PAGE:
Parasitology Research

, Volume 114, Issue 7, pp 2621–2628 | Cite as

Biodiversity threats from outside to inside: effects of alien grey squirrel (Sciurus carolinensis) on helminth community of native red squirrel (Sciurus vulgaris)

  • Claudia Romeo
  • Nicola Ferrari
  • Paolo Lanfranchi
  • Nicola Saino
  • Francesca Santicchia
  • Adriano Martinoli
  • Lucas A. Wauters
Original Paper


Biological invasions are among the major causes of biodiversity loss worldwide, and parasites carried or acquired by invaders may represent an added threat to native species. We compared gastrointestinal helminth communities of native Eurasian red squirrels (Sciurus vulgaris) in the presence and absence of introduced Eastern grey squirrels (Sciurus carolinensis) to detect alterations induced by the alien species. In particular, we investigated whether spillover of a North American nematode Strongyloides robustus occurs and whether prevalence of a local parasite Trypanoxyuris sciuri in red squirrels is affected by grey squirrel presence. The probability of being infected by both parasites was significantly higher in areas co-inhabited by the alien species, where 61 % of examined red squirrels (n = 49) were infected by S. robustus and 90 % by T. sciuri. Conversely, in red-only areas, the two parasites infected only 5 and 70 % of individuals (n = 60). Overall, our findings support the hypothesis that red squirrels acquire S. robustus via spillover from the alien congener and suggest that invaders’ presence may also indirectly affect infection by local parasites through mechanisms diverse than spill-back and linked to the increased competitive pressure to which red squirrels are subjected. These results indicate that the impact of grey squirrel on red squirrels may have been underestimated and highlight the importance of investigating variation in macroparasite communities of native species threatened by alien competitors.


Invasive species Spillover Parasite-mediated competition Strongyloides robustus Trypanoxyuris sciuri Spill-back 



The project was supported by the Italian Ministry of Education, University and Research (PRIN 2010–2011, 20108 TZKHC to Università degli Studi dell’Insubria, Varese). We would like to thank Adda Nord, Valle del Lambro and Pineta di Appiano Gentile e Tradate Regional Parks, Cuneo and Turin Provinces, Comune di Gallarate, Villa Castelbarco and other private estate owners for allowing field collection. Finally, sample collection would not have been possible without the help of the LIFE09 NAT/IT/00095 EC-SQUARE, Ambrogio Molinari, Mattia Panzeri and Dimitri Sonzogni.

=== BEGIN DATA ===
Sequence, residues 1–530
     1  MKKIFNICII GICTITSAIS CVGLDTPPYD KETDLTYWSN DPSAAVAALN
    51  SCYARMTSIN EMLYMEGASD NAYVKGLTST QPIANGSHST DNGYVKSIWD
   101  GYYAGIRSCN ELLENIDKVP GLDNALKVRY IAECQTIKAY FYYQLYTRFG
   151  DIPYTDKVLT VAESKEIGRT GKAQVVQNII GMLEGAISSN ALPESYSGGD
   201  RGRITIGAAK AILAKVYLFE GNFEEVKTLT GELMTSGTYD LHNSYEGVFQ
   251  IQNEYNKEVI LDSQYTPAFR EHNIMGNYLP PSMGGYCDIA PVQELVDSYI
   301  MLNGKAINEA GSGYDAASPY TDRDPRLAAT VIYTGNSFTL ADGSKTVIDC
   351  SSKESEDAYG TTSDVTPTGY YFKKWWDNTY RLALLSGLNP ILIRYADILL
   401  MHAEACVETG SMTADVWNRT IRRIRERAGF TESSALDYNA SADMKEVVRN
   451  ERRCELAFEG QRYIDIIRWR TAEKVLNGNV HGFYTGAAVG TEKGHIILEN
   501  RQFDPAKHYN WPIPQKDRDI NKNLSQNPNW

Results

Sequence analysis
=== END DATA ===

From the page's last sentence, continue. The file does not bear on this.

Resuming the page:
Ethical approval

Traps were checked frequently and handling time was minimised to reduce animal stress, and all applicable international, national and institutional guidelines for the care and use of animals were followed. Permits for trapping and handling red squirrels were granted by Italian Institute for Environmental Protection and Research (ISPRA), Lombardy Region (Authorization No.: 3892, 02/05/2011), Cuneo Province (Permit No.: 473, 12/05/2011) and Torino Province (Permit No.: 180-14616/2011).

This article does not contain any studies with human participants performed by any of the authors.

Conflict of interest

The authors declare that they have no conflict of interest.


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Copyright information

© Springer-Verlag Berlin Heidelberg 2015

Authors and Affiliations

  • Claudia Romeo
    • 1
    • 2
  • Nicola Ferrari
    • 1
  • Paolo Lanfranchi
    • 1
  • Nicola Saino
    • 2
  • Francesca Santicchia
    • 3
  • Adriano Martinoli
    • 3
  • Lucas A. Wauters
    • 3
  1. 1.Department of Veterinary Sciences and Public HealthUniversità degli Studi di MilanoMilanItaly
  2. 2.Department of BiosciencesUniversità degli Studi di MilanoMilanItaly
  3. 3.Department of Theoretical and Applied SciencesUniversità degli Studi dell’InsubriaVareseItaly

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